I drank my first cup of coffee and smoked and sleuthed on my laptop. Usually a fruitless exercise. The internet was closely monitored and controlled. Most people didn't realize the extent of it. But if something was going on that the people in charge didn't want the public to know about, it was almost impossible find any mention of it online.
But some things were too obvious for the censors to hide without revealing their hand. When something really big happened they had to let the people chatter. And that's what it was like this morning. On all sorts of forums and blogs, people from the city were talking about how the closer they got to the eastern city limits, the weaker their powers felt. Hundreds of people--complaining, agreeing, hypothesizing.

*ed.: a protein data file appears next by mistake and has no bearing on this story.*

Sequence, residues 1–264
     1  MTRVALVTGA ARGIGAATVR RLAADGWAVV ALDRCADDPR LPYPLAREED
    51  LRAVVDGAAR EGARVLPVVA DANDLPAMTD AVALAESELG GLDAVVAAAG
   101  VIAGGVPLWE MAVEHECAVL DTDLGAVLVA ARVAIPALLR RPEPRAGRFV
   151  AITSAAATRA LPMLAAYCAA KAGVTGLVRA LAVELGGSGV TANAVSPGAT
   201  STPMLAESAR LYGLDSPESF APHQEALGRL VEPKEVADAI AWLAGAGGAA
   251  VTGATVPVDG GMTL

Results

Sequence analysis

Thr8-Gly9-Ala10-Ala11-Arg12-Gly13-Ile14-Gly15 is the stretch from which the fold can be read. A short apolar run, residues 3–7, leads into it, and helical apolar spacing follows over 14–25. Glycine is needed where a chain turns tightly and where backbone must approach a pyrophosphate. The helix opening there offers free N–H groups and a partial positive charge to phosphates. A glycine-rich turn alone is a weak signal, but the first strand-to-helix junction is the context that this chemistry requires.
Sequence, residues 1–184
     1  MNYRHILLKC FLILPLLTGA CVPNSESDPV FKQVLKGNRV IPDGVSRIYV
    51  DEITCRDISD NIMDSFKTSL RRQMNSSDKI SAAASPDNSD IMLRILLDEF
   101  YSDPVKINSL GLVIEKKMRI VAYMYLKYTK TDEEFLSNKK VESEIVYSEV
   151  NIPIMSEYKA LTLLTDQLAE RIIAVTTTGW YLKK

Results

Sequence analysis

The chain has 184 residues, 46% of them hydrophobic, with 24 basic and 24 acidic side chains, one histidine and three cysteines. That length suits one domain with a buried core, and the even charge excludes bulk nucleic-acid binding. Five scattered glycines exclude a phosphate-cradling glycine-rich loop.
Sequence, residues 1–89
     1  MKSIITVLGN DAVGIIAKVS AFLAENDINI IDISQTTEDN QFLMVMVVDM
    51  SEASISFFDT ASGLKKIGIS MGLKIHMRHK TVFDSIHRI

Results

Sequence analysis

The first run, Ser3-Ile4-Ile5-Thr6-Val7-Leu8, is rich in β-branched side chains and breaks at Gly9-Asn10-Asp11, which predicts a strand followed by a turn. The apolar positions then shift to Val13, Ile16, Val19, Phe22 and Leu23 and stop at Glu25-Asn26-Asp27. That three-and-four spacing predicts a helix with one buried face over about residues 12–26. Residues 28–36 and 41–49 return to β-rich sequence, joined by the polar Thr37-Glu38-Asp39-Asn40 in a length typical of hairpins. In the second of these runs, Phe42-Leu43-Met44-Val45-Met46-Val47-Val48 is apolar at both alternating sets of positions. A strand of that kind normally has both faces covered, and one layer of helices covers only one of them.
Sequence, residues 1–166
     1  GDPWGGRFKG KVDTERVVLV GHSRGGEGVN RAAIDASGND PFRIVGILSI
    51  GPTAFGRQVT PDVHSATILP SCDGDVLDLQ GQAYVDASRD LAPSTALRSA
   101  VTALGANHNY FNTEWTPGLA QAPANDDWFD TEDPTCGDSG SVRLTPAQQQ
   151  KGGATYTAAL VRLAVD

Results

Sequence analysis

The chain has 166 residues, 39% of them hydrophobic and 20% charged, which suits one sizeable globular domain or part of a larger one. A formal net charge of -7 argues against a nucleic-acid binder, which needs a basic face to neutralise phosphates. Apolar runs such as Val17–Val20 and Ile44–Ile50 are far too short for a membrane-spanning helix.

The top theory was that a new super who could suppress powers was in town. But if a super with that kind of power was around, I would have sensed him. Full stop.
Another theory was that someone had gotten ahold of a bunch of Kryptonite, and was storing it on the east side. But I didn't buy that theory, either. Kryptonite was rare. So rare that nobody'd discovered a single trace on earth since the first samples were launched into the sun. And it wasn't for a lack of trying. There was a well-funded organization whose sole purpose was to sniff around for the stuff, and they worked hard; it's just that there was none to find. It seemed unlikely that someone smart enough to secure a bunch of Kryptonite without getting noticed would be dumb enough to store it in a major city, where a bunch of supers would feel its effects.